Saturday, March 23, 2013

Don't Call Them Babies

One of my biggest pet peeves is when someone refers to my preschool class as "The Baby Room," "The Baby Class," or simply just "The Babies."

I teach the youngest group of children in my preschool, the one-year-old class. Since we are quickly approaching the end of the school year, the majority of my students are already two. A few of them only missed the age cutoff by a few weeks, which means the two-year-old classes contain some children who are only a few weeks older than some of my kids. But even if all of my children were still one-year-olds, they would not be babies.

I understand that my kids aren't able to do the things the older classes are able to do. I definitely get that they have limitations, but I also don't underestimate them. They aren't babies.

The problem is, a lot of people don't really understand the difference between infants and toddlers. One-year-olds are in an ambiguous stage of life, as it's hard to tell when the baby stage ends and the toddler stage begins. The easiest way to tell? Does the child walk (toddle)? Voila! Most likely, the child is a toddler. Sometimes you do have toddlers that aren't quite toddling yet, and sometimes you get babies that can toddle, but who aren't yet on the same developmental level as a toddler. Kids learn to walk at different ages. Some are early walkers, and some, like me, wait until they're nearly a year and a half before being brave enough to try the toddling thing. But the toddler age starts at one, not two, as some people seem to think.

And there are other things that toddlers do that distinguish them from babies. Toddlers eat more solid foods. Aside from choking hazards, toddlers can eat just about anything a grown up can eat. They have most of their baby teeth. They aren't living just on milk and baby food.

Older one-year-olds (sometimes younger ones, too, especially if they have older ones to emulate) are just beginning to grasp the idea that there are other people who matter in the universe (besides self). They enjoy playing alongside and even WITH other children. They start to develop compassion and kindness, as well as a sense of independence and (in a lot of cases) stubbornness. They aren't babies anymore. Their personalities are starting to form.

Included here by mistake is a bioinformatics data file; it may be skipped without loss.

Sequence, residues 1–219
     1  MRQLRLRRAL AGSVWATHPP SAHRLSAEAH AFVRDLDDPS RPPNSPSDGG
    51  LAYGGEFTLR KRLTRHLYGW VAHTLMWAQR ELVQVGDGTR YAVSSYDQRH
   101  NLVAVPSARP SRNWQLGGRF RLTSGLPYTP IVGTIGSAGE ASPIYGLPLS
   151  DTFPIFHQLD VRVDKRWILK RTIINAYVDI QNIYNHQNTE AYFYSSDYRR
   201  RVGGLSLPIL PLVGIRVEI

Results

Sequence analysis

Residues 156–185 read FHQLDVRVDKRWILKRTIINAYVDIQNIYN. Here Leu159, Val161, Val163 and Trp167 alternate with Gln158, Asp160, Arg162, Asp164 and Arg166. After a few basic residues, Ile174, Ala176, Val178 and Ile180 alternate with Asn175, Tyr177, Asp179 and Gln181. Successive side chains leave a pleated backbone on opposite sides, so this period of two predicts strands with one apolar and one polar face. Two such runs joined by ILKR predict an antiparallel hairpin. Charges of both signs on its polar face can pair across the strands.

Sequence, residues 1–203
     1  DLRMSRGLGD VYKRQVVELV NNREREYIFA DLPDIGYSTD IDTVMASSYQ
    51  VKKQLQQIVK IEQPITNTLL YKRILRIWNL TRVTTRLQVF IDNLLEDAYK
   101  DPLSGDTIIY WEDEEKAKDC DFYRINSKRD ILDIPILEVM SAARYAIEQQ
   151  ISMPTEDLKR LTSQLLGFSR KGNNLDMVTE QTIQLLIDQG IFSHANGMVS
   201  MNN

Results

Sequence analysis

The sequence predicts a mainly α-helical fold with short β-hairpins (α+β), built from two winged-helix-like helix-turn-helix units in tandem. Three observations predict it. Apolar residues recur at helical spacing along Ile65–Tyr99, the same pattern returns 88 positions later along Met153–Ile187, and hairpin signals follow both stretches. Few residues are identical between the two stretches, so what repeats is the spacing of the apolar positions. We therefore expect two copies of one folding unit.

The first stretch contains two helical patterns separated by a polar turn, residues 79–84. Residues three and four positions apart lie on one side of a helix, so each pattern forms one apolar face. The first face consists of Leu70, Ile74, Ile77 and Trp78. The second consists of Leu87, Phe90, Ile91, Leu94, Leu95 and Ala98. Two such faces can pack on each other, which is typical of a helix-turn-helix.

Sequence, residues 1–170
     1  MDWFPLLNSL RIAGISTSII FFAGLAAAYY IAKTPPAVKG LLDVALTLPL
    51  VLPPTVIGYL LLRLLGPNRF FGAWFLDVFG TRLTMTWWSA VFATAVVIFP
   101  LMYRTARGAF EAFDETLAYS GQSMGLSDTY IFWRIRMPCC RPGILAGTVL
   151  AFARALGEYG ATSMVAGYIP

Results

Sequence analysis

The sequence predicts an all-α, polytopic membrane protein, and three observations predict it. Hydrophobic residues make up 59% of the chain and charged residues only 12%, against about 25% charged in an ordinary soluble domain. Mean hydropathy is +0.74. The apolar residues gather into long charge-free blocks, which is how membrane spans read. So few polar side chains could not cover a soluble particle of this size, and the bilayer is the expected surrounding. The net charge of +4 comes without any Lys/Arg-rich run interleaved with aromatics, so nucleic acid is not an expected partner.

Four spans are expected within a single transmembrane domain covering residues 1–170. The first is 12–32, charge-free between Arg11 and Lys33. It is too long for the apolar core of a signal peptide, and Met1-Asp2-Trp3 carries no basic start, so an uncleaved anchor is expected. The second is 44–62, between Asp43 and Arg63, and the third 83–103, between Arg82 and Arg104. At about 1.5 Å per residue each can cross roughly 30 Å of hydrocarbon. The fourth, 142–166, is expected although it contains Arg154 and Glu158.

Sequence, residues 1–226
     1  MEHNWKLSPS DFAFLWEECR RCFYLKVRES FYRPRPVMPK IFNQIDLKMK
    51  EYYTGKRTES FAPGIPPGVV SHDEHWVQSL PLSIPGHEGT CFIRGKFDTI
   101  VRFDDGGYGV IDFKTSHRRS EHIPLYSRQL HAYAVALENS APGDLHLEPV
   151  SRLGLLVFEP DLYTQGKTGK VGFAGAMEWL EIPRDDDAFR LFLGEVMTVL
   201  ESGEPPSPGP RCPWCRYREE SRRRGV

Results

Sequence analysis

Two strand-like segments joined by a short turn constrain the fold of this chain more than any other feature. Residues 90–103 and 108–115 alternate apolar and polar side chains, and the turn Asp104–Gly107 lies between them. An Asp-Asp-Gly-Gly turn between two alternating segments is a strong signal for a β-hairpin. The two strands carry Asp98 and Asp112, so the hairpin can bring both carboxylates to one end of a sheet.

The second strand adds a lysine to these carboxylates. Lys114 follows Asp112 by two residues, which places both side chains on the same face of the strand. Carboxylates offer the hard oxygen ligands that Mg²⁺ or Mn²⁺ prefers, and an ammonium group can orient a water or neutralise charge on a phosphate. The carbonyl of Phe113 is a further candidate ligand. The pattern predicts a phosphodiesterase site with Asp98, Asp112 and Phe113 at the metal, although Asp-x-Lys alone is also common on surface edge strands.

They are also learning like CRAZY. They are learning new vocabulary and grammar moment by moment. They are putting the code of language together by using two or more words in a sentence to communicate. They are building on previous knowledge and actually beginning to use basic logic. They're labeling everything in their world, including each other  :-). The main reason one-year-olds are my favorites is because they are SO fascinated by everything. The whole world is new and wondrous to them, and they are old enough start exploring. I like seeing everything through their eyes. I like experiencing the excitement they sense at encountering our amazing world.

There aren't babies at preschool because, while babies can definitely learn, babies don't belong in a preschool learning environment. We have lessons. We have crafts. We have music. We have structure. And while I strive to make everything on their level, I also have pretty clear expectations for my students. They aren't babies. They know how I expect them to behave at school, and they know there are consequences if they fail to meet (or raise, which does happen a lot) my expectations. Babies can't do that. But, then, my class isn't for babies.

Now, I can completely understand if someone is trying to help their older child understand why he or she needs to be more gentle or gracious with younger children. Children can understand "baby" better than "toddler" or "younger child." By all means, if you need to call my kids "babies" to help an older child understand that my kids are younger, go for it. I also understand that people have pet names for their kids, or that they have trouble realizing their baby is growing up. I don't have problems with that. Call your own kid "baby" all you want, as long as you're letting him or her move forward developmentally. In fact, sometimes I call older kids, "babe," but not in any way where I'm demeaning them or their abilities.

But don't let me catch you calling my preschool class "The Babies." They are a smart, confident group of kiddos with distinct (and adorable) personalities. I have a lot of love AND respect for the students in my preschool class, and I'm just as blessed as can be for the privilege of being their teacher.

So please, don't call them babies!

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